Self-taught artist James Castle exhibit in Philly
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[October 18, 2008]
PHILADELPHIA (AP) --
The nature of "outsider" art may be debatable, but self-taught artist James Castle was an outsider of sorts from the day he was born.
Castle, subject of a new exhibit organized by the Philadelphia Museum of Art, was born profoundly deaf and never learned to read, write, sign or speak. But he spoke volumes through art, which he created ceaselessly from early childhood until his death in 1977 at age 77.
"James Castle: A Retrospective," which opened this week and remains on display through Jan. 4, brings together more than 300 evocative drawings, handmade books, collages and sculptural pieces from 60 public and private collections. The first comprehensive museum exhibition of Castle, it will travel to Chicago and San Francisco in 2009.
An hourlong documentary, developed in tandem with the exhibit, tells Castle's story through his family, artists, historians and others.
"In comparison to other self-taught artists, he has this wide range of work
- it goes into quite conceptual stuff," curator Ann Percy said.
The exhibition shows a rich body of work that transcends what is commonly referred to as outsider art, a term often used to describe self-taught artists with physical or mental illness.
Born in Garden Valley, Idaho, Castle attended a school for the deaf for five years but resisted his instructors' efforts and was sent home at about age 15. Encouraged by his family, who describe him as gregarious and highly inquisitive, Castle took to making art inspired by the people and places of his past and present.
Other than occasional use of crayon and chalk, Castle preferred making his own ink of stove soot and saliva. His pens and brushes were sharpened sticks and wads of fabric. His color washes came from laundry bluing, makeup and crepe paper soaked in water. His canvas was scrap paper or cardboard, available in unending supply and variety from his family's general store and post office.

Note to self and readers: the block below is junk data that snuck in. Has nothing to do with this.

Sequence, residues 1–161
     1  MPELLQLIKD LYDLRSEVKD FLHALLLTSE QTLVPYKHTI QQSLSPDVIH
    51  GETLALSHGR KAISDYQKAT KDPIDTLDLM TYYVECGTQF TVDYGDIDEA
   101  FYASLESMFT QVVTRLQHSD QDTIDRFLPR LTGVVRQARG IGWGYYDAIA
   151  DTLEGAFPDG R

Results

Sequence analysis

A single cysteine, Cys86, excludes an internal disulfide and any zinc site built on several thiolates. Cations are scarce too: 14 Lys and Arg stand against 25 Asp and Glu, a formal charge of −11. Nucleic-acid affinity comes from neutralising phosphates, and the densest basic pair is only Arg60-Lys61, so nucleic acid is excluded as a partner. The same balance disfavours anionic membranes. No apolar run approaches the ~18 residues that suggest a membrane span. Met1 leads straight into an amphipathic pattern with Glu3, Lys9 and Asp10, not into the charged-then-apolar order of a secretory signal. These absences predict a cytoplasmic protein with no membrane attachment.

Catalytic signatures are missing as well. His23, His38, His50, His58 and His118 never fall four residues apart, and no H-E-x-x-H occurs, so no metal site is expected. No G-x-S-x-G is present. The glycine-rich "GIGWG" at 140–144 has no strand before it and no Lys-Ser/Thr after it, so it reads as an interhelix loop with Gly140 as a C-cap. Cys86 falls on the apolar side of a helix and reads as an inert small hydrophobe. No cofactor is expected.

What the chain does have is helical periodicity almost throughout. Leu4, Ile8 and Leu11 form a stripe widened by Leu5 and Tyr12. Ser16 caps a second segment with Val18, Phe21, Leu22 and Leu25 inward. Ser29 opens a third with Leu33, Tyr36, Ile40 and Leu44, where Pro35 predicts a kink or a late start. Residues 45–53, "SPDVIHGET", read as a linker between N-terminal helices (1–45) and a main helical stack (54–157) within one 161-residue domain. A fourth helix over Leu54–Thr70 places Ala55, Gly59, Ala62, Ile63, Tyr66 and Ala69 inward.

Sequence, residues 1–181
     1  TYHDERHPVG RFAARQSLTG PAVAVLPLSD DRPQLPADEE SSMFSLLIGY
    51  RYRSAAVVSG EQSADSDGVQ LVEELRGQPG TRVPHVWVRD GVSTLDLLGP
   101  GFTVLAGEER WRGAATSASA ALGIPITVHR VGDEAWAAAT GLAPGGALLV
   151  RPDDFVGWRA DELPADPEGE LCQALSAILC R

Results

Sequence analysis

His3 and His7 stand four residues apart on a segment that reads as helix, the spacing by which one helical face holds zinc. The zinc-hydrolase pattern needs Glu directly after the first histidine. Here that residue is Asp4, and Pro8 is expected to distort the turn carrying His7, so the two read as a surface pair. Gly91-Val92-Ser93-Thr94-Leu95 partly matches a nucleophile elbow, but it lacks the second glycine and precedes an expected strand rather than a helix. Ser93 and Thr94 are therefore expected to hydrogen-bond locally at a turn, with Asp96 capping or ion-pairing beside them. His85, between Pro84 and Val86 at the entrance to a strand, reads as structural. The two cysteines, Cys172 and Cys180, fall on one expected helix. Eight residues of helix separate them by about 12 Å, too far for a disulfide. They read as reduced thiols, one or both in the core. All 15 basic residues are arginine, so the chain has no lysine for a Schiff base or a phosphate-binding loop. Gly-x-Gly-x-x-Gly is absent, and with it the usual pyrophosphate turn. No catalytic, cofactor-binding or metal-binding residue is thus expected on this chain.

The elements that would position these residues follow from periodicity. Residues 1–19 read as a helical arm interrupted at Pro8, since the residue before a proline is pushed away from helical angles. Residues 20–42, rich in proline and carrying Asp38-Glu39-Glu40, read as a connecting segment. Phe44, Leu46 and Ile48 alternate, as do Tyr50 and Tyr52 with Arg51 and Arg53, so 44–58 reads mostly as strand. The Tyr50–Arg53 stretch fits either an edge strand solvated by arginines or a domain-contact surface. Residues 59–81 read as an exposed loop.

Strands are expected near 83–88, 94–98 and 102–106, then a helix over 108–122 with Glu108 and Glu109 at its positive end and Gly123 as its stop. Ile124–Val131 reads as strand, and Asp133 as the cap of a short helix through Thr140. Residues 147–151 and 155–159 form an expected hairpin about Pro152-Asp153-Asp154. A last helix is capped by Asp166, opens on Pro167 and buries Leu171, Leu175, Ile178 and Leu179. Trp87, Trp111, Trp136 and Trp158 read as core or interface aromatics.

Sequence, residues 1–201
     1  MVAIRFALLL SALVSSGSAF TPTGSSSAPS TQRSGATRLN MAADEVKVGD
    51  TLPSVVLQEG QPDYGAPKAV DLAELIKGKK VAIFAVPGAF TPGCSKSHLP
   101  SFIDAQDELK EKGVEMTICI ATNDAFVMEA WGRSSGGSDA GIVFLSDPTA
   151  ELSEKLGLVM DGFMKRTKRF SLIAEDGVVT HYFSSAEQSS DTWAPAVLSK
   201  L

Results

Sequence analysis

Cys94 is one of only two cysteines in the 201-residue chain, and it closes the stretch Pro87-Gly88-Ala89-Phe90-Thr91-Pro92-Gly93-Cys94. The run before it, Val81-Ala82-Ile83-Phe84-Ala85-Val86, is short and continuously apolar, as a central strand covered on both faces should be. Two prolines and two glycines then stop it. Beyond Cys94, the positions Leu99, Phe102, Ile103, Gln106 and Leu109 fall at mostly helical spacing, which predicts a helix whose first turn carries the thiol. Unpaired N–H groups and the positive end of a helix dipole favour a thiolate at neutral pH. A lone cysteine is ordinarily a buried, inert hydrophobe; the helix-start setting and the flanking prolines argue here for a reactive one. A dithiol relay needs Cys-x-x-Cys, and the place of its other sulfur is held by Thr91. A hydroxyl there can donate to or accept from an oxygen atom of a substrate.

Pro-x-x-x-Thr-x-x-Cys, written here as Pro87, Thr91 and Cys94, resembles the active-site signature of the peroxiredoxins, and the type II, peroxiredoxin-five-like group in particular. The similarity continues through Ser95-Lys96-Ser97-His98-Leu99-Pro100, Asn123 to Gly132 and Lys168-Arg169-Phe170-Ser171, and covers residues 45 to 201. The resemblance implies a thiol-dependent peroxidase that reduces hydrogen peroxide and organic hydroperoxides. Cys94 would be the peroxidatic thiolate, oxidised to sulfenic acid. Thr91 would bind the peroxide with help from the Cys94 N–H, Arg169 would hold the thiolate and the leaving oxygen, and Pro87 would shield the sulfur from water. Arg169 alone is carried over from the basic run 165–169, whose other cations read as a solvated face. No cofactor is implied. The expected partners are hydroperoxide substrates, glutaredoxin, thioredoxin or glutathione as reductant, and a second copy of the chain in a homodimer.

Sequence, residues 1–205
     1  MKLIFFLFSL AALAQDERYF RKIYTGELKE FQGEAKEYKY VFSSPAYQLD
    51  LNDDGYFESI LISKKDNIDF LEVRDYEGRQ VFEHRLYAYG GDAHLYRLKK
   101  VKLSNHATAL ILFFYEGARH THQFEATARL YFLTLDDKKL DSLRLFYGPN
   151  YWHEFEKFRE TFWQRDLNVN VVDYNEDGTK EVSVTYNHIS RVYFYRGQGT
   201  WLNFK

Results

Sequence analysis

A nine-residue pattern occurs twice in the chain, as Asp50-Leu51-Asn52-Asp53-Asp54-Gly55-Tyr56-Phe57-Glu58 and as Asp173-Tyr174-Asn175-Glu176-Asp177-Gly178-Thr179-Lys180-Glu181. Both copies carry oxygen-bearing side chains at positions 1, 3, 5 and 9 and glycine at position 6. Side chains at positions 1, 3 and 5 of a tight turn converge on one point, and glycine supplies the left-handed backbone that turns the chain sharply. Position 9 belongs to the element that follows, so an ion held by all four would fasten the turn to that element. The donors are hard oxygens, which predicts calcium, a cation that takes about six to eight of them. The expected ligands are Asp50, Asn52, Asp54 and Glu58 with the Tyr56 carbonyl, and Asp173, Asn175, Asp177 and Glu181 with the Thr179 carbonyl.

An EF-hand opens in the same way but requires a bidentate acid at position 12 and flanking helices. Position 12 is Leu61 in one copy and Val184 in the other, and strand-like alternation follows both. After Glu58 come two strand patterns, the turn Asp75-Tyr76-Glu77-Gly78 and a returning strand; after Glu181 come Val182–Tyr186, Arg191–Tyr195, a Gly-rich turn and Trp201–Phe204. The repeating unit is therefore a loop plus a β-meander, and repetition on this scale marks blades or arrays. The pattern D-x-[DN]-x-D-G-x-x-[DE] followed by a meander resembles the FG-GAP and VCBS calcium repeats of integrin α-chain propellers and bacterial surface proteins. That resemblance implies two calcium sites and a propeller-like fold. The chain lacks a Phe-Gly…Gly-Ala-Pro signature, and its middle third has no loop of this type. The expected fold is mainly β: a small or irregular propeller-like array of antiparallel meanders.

With those rudimentary art supplies, he developed expert technique and masterful composition and perspective, Percy said.
"He is tremendously skilled with these simple materials," she said. "He was given paint and brushes but he preferred materials with a history."
Many of Castle's soot-and-spit drawings depict his familiar Idaho farmscapes, but his entire body of work is broadly varied in style and subject matter. It also has elements used by many well-known 20th-century artists.
His themes include surrealistic portraits of human figures with chairs or animals as heads, hand-stitched books, collages and three-dimensional abstract assemblages of complex shapes torn and stitched onto contrasting backgrounds.
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"All these devices are right with what's happening in the 20th century," Percy said, "but presumably he's doing it himself, with no knowledge of the professional art world."
Among the most striking are drawings of product packaging arranged in grids, logos in kaleidoscopic repetition, codelike "calendars" of Roman, Greek and Cyrillic letters, and text copied from newspaper headlines.
The Pop Art association is unavoidable in pieces such as "SLASHING ALL PRICES," "SHORT RIBS" and "Last Call!" Their sophistication have led scholars to question whether Castle, unbeknownst to his family, knew some words.
"How do you make these pictures without knowing what the words mean? Nobody can quite crack the dilemma of what's going on here," Percy said. "No one knows what he was up to
- or will."
There is humor, contemplation, wistfulness, joy and a sense of freedom in Castle's work, which was shown (to his great delight) at regional art galleries in the 1950s and 1960s but began attracting national attention only a decade ago, Percy said.
"Whatever he was doing," she said, "he was doing it before a lot of the people we know."
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